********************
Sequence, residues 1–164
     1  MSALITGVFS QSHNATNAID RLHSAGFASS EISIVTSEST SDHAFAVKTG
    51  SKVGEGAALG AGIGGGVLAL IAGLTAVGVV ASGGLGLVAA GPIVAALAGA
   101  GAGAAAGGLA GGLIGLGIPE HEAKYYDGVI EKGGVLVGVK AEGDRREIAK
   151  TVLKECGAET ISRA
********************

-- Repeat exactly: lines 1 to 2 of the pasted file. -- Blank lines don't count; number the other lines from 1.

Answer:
Sequence, residues 1–164
     1  MSALITGVFS QSHNATNAID RLHSAGFASS EISIVTSEST SDHAFAVKTG